Game-changing grant awarded to UK, Commonwealth
Governor Matt Bevin and University of Kentucky President Eli Capilouto on Thursday joined U.S. Secretary of Health and Human Services Secretary Alex M. Azar in Washington D.C. to announce a pivotal grant award to combat the opioid epidemic.
Researchers from the University of Kentucky’s Center on Drug and Alcohol Research (CDAR), in partnership with the Cabinet for Health and Family Services (CHFS) and the Justice and Public Safety Cabinet (JPSC), will lead the Kentucky CAN HEAL (Communities and Networks Helping End Addiction Long-term) project. This four-year study comes with more than $87 million in funding and has a profoundly important goal: reducing opioid overdose deaths by 40 percent in 16 counties that represent more than one-third of Kentucky’s population.
“The opioid epidemic is one of the most perilous and persistent challenges impacting our state and nation,” said Gov. Bevin. “Kentucky is grateful to Secretary Azar and HHS for this historic grant allocation, and we look forward to collaborating closely with the University of Kentucky to implement this vital work. We are confident that this transformative project will be a pivotal weapon in our ongoing battle against the opioid scourge and will ultimately help to save lives in communities across the Commonwealth.”
The goal is to develop evidence-based solutions to the opioid crisis and offer new hope for individuals, families and communities affected by this devastating crisis. More broadly, the idea is to see if solutions in different communities across the state can be scaled up and replicated as part of a national approach to the challenge.
“This grant is a game-changer in many ways, providing the resources to mount an all-fronts attack across multiple disciplines to save lives,” said Justice and Public Safety Cabinet Secretary John Tilley. “For far too long, the opioid crisis has been an extreme burden on law enforcement and the criminal justice system. However, we now have a tremendous opportunity to strengthen our public health response, yielding important dividends to public safety while also easing the strain on police, courts and corrections systems.”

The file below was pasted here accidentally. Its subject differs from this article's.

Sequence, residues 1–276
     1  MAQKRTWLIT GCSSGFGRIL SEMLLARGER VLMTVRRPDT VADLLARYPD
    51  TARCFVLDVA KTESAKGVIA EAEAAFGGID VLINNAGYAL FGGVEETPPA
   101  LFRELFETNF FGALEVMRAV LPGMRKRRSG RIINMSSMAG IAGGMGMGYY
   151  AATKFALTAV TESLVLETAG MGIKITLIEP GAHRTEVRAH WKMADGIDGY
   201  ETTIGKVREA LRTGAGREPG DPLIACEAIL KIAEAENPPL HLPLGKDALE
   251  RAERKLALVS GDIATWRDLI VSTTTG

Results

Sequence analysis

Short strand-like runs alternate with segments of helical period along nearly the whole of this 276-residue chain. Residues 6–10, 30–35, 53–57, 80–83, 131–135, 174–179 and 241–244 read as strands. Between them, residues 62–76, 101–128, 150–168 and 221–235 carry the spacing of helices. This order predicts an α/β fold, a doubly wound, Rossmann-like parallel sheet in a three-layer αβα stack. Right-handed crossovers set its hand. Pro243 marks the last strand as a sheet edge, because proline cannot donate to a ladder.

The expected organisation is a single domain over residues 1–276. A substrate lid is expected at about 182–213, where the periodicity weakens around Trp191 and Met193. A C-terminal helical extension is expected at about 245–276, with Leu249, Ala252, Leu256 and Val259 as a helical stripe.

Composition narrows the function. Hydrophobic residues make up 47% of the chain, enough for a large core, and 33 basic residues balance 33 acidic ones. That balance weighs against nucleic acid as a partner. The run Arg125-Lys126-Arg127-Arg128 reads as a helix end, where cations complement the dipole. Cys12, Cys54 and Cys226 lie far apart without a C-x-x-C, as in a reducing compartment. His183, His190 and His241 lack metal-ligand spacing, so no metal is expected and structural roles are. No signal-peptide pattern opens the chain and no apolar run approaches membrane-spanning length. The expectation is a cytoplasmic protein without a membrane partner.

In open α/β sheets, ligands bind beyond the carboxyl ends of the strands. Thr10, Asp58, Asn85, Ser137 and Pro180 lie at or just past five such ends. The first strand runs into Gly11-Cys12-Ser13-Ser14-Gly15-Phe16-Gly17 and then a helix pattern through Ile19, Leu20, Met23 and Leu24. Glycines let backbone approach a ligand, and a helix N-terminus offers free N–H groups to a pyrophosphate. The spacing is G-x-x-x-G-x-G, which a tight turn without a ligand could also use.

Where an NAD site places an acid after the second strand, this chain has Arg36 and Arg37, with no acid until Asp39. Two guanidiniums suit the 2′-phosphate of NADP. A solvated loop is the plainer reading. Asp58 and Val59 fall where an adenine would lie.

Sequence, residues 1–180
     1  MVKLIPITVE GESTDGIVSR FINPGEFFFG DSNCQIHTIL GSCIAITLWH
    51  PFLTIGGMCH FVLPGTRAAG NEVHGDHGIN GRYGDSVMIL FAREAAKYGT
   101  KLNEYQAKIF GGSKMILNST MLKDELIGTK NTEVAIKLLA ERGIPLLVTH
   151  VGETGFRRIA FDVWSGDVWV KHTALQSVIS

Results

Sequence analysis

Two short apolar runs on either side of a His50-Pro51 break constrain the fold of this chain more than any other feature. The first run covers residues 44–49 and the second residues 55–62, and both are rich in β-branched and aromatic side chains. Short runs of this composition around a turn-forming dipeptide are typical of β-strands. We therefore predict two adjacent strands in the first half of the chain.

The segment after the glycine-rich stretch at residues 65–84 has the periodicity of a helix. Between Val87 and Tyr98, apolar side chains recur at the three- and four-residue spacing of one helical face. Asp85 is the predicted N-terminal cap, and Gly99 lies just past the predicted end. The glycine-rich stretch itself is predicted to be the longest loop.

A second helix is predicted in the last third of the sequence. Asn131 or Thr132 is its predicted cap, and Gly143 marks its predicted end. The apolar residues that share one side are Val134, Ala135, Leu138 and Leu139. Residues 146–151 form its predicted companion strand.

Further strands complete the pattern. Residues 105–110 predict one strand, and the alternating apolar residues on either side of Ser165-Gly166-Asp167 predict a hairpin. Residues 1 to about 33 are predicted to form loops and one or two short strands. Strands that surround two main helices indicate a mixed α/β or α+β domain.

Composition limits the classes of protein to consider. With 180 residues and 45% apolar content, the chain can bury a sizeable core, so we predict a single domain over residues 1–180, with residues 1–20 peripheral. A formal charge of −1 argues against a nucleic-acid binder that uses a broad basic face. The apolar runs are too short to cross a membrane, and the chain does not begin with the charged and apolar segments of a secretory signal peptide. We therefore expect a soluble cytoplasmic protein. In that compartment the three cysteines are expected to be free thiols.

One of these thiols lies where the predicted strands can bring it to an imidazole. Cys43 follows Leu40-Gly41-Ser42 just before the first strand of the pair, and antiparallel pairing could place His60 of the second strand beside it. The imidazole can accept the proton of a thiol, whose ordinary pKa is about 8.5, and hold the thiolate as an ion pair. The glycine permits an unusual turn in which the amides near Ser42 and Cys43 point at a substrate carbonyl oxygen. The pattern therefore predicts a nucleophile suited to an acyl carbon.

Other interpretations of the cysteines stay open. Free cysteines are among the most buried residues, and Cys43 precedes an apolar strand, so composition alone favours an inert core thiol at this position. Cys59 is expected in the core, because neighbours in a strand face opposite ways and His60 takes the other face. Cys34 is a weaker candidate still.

UK President Capilouto said the grant is a testament to the university’s strong partnership with the state as well the strong support of the federal delegation to help make these funds available. Capilouto thanked the governor and his administration for their support and cited the partnership as a declaration that the “devastating tide” of substance misuse can be stemmed.
Sixteen counties will be included in the randomized CAN HEAL study. They include Fayette, Jessamine, Clark, Kenton, Campbell, Mason, Greenup, Carter, Boyd, Knox, Jefferson, Franklin, Boyle, Madison, Bourbon and Floyd counties.
Researchers will work closely with community-coalition partners to ensure a community-centered approach and to maximize local engagement. A comprehensive health communication strategy will be used to reach the public, reduce stigma and increase awareness of - and access to – interventions made available through the program.
“Kentucky has long been a national leader in drug policy by piloting innovations to increase the effectiveness and availability of treatment, pioneering first-of-its-kind programs and partnering criminal justice with public health,” added Tilley.
The Justice Cabinet houses the Office of Drug Control Policy (ODCP).
Sharon Walsh, Ph.D., director of UK's Center on Drug and Alcohol Research (CDAR), is the principal investigator (PI) of the study and will lead a team of more than 200 researchers, staff, and state and community partners involved in the project.
The NIH's HEAL Initiative (Helping to End Addiction Long-Term) was launched in April 2018 and aims to speed scientific solutions to stem the national opioid public health crisis. Kentucky and UK represent one of only four study sites across the United States selected by the National Institutes of Health (NIH) for this groundbreaking effort.